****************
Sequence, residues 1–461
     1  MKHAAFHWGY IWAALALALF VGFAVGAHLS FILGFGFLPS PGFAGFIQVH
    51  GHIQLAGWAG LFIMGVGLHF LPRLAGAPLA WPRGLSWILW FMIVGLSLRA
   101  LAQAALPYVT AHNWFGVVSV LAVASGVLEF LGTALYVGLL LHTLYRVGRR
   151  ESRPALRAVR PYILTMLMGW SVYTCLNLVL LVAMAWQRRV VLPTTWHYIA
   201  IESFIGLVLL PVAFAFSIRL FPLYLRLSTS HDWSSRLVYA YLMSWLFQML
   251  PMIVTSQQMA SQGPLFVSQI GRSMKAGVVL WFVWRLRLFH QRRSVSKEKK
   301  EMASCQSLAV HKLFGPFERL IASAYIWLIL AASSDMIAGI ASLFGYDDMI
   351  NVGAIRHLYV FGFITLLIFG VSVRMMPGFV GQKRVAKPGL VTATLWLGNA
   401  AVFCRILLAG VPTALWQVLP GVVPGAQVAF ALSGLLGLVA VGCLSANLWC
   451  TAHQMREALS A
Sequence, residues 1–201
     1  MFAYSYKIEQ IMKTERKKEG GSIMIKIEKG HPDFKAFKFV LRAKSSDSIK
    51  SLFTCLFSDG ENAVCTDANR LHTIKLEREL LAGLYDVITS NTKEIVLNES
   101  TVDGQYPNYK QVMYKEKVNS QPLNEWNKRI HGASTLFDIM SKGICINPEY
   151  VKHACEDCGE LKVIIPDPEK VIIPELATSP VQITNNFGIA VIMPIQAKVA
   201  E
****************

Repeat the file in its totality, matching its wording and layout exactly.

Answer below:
Sequence, residues 1–461
     1  MKHAAFHWGY IWAALALALF VGFAVGAHLS FILGFGFLPS PGFAGFIQVH
    51  GHIQLAGWAG LFIMGVGLHF LPRLAGAPLA WPRGLSWILW FMIVGLSLRA
   101  LAQAALPYVT AHNWFGVVSV LAVASGVLEF LGTALYVGLL LHTLYRVGRR
   151  ESRPALRAVR PYILTMLMGW SVYTCLNLVL LVAMAWQRRV VLPTTWHYIA
   201  IESFIGLVLL PVAFAFSIRL FPLYLRLSTS HDWSSRLVYA YLMSWLFQML
   251  PMIVTSQQMA SQGPLFVSQI GRSMKAGVVL WFVWRLRLFH QRRSVSKEKK
   301  EMASCQSLAV HKLFGPFERL IASAYIWLIL AASSDMIAGI ASLFGYDDMI
   351  NVGAIRHLYV FGFITLLIFG VSVRMMPGFV GQKRVAKPGL VTATLWLGNA
   401  AVFCRILLAG VPTALWQVLP GVVPGAQVAF ALSGLLGLVA VGCLSANLWC
   451  TAHQMREALS A
Sequence, residues 1–201
     1  MFAYSYKIEQ IMKTERKKEG GSIMIKIEKG HPDFKAFKFV LRAKSSDSIK
    51  SLFTCLFSDG ENAVCTDANR LHTIKLEREL LAGLYDVITS NTKEIVLNES
   101  TVDGQYPNYK QVMYKEKVNS QPLNEWNKRI HGASTLFDIM SKGICINPEY
   151  VKHACEDCGE LKVIIPDPEK VIIPELATSP VQITNNFGIA VIMPIQAKVA
   201  E